For many of us our years of involvement and knowledge of our own children and the systems they encounter brings us a deep insight into our children’s well-being. We know what makes them happy, how they communicate and what support they need. We know what they are trying to say and we work hard at sharing that information with others.

However, only too often our understanding is ignored; our young people are misunderstood and problems arise. We want our young people and adults to be independent and safe. We want our children and young people to grow up knowing and feeling what it is like to be in the ‘driving seat’ and to understand the real power of making decisions, what good looks like, and what support they need to be part of their communities.

Our event to mark Day 104 of #107days of action for #JusticeforLB will give families the opportunity to come together to talk about and share stories of:

  • The madness of the system and what we can practically do amongst such madness
  • How can we make the system less mad? We will look at what is working and what is not working in the current system
  • How do we keep ourselves strong within the current madness?

Through telling our stories and using positive ways that families have used it plus ways in which it has been abused will enable families to learn from one another.

The event is a collaboration between The Cameron Trust, Bringing Us Together and the Centre for Welfare Reform.

Last, but by no means least, is In Control:

For the past eight years, In Control has been working with a growing number of services, children, young people and families. Although this work often focuses on the systems needed to make personal budgets work, the real drive to this work is ensuring good support for all children and young people, and the recognition that some may need more support than others. We never loose sight of what this is really about…valuing and cherishing every child’s right to aspire, learn, enjoy and take part in the life of their family and local community in ways that make sense to them, and for families to get the support they need to provide a healthy, happy and nurturing home for their children.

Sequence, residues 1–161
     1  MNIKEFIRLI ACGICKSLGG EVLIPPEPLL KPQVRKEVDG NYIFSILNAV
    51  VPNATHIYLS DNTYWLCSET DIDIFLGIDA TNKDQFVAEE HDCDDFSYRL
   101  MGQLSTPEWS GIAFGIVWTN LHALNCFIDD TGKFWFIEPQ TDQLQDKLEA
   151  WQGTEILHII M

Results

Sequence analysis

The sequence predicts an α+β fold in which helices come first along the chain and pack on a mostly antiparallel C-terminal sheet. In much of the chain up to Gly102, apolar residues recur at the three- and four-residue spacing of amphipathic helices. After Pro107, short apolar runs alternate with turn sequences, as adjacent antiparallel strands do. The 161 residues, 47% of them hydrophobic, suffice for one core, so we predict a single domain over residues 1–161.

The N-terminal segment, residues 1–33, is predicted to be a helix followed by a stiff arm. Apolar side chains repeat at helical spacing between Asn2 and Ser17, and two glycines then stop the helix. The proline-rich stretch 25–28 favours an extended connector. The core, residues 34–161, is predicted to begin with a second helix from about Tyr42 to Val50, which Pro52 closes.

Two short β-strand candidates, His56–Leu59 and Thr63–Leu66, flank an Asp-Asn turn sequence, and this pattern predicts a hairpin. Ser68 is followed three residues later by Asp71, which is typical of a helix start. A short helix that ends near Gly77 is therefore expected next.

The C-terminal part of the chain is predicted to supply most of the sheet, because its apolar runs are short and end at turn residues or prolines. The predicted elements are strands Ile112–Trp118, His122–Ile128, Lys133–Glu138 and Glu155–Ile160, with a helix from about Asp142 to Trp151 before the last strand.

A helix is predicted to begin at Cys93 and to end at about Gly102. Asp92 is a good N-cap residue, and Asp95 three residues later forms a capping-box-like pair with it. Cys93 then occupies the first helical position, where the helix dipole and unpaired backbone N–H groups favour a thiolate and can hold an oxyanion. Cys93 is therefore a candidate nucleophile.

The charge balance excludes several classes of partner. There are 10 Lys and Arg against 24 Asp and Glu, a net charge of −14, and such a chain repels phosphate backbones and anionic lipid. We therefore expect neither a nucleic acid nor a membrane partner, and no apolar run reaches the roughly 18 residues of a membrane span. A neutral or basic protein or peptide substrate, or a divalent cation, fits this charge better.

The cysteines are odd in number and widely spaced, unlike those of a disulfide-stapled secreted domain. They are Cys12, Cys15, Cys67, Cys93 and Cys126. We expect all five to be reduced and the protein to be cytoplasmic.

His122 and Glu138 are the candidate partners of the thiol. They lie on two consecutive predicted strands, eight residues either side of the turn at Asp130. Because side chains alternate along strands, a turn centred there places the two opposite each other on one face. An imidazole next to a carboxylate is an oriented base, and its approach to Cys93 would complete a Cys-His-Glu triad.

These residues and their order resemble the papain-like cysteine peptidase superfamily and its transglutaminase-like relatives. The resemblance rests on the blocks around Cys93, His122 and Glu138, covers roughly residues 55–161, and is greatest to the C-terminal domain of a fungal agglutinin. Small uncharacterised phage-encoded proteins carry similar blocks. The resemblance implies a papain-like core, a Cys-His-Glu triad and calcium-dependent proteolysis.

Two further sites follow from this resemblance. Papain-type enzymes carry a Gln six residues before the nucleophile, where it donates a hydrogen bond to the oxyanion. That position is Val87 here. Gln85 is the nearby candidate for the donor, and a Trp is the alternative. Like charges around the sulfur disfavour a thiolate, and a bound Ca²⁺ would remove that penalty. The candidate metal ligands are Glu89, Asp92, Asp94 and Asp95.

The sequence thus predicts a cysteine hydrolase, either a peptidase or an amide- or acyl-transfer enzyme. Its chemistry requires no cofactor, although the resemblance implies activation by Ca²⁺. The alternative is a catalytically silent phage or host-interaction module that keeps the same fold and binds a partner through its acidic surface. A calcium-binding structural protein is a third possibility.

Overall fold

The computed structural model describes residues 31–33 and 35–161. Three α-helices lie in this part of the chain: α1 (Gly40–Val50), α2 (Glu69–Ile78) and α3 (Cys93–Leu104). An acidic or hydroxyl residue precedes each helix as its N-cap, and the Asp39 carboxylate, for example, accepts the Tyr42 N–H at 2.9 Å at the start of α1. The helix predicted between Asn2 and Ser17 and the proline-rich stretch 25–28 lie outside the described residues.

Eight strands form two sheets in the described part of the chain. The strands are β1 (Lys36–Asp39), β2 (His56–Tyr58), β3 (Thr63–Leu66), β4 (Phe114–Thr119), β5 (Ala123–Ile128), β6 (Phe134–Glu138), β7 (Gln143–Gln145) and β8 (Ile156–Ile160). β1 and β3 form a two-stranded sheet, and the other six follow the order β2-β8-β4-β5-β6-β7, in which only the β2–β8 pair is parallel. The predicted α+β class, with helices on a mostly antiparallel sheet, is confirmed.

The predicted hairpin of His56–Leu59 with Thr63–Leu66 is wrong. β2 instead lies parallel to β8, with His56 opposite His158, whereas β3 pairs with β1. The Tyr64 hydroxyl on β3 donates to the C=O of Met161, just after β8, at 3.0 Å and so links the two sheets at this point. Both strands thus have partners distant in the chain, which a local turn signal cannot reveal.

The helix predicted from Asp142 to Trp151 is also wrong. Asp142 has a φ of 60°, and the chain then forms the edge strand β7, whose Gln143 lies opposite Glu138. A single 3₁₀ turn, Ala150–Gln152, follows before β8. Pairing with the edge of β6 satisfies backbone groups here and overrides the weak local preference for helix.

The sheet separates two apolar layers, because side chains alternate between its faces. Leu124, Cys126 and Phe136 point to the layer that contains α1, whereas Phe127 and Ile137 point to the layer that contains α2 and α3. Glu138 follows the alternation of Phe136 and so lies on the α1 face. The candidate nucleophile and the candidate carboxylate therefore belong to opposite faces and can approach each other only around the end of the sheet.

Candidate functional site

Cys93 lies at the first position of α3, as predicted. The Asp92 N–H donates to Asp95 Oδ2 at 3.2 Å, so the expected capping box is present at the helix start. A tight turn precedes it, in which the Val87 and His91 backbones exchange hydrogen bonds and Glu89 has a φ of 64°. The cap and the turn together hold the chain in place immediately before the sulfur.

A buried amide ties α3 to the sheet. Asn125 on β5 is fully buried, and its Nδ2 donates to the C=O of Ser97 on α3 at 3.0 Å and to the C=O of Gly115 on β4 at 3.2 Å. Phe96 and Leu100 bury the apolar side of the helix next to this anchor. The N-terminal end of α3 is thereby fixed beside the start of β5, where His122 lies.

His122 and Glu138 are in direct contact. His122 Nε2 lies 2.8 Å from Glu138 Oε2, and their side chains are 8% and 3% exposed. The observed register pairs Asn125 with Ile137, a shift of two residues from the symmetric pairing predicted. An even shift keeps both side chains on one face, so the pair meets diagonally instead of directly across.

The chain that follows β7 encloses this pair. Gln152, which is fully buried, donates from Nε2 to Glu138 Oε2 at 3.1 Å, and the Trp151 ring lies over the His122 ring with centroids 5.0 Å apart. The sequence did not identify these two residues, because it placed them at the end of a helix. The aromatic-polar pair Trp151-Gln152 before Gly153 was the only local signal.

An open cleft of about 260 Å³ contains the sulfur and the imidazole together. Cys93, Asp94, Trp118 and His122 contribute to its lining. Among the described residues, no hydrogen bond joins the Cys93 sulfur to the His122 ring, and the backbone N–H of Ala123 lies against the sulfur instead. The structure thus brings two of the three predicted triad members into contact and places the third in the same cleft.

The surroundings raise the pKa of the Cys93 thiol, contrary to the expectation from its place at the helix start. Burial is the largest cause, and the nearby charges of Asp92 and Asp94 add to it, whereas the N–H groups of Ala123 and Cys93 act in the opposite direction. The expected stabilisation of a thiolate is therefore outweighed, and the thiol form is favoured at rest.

The experience of LB and his family is one of many recent reminders that we, somewhere along the line have a gone a bit off track, have forgotten why we are supporting children and young people and have ended up with systems and support that lead to tragedies like those of LB and his family. We are starting our day (Day 104), chaired by Miro Griffiths, with a presentation by two parents, Nikki and Tricia. Nikki Delgarno, mum of Ethan, and Tricia Nicoll, mum of Ella and Cieran, both share a powerful story of the challenges of the system and the resilience needed to keep going.

But what does the future hold for Ethan, Ella and Cieran? With over 100 people from children’s services, including many parents, we have a chance to discuss and set out how we can change the future for these and many other children and young people, for us and the community we work with every day. Day 104 is an opportunity to step towards ending such experiences as those of LB and his family, of Josh and his family in Cornwall, of Nico and many others.

Following Nikki, Tricia and a group discussion we will be hearing from those involved in leading the Winterbourne programme and from Action for Children who will share a great example of what is possible if everyone commits to working together and supporting a child and their family. We will share presentations and notes from the whole morning and as suggested by #JusticeforLB we will be asking everyone to commit to taking one action which will make a difference for children and young people they know.

With so much awesome happening today, we’re feeling ever more confident that #JusticeforLB really will result in improvements for all dudes. Thank you all.